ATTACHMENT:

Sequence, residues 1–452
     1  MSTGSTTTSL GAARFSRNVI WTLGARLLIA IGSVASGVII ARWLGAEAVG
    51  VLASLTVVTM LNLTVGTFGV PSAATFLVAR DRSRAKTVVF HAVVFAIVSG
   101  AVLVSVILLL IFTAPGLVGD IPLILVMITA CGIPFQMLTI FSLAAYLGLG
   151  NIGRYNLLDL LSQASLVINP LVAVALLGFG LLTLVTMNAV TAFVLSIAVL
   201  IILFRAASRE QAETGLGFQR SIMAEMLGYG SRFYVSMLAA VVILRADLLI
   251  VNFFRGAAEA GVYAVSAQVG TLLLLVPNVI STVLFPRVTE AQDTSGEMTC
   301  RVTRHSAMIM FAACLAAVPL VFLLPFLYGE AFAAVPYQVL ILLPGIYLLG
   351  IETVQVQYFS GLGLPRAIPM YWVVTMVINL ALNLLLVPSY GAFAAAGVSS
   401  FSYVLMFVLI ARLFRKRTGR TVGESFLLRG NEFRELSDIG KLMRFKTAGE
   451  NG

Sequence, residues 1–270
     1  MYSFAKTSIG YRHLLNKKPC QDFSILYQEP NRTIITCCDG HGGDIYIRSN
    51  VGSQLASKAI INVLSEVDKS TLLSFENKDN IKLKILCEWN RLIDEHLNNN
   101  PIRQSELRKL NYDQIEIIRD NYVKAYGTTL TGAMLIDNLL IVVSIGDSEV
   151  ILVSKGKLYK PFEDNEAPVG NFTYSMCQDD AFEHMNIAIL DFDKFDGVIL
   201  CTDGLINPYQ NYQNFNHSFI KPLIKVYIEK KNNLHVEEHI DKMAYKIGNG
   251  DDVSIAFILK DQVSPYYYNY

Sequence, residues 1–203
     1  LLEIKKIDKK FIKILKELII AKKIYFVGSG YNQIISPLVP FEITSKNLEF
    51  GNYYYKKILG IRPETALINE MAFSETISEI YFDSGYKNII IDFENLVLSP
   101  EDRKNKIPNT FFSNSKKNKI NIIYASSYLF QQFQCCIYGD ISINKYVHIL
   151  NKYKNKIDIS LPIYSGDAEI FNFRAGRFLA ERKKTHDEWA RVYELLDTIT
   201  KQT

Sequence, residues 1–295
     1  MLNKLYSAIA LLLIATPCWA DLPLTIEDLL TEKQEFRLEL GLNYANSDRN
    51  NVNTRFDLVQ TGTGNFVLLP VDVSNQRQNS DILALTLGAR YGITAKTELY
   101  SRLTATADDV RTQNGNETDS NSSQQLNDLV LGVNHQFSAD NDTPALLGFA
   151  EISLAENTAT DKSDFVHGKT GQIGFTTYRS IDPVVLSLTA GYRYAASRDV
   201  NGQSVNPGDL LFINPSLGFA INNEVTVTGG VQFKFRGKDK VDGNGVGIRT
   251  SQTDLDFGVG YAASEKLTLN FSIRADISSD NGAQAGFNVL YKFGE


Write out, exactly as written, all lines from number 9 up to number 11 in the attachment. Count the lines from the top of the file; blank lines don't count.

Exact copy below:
   351  IETVQVQYFS GLGLPRAIPM YWVVTMVINL ALNLLLVPSY GAFAAAGVSS
   401  FSYVLMFVLI ARLFRKRTGR TVGESFLLRG NEFRELSDIG KLMRFKTAGE
   451  NG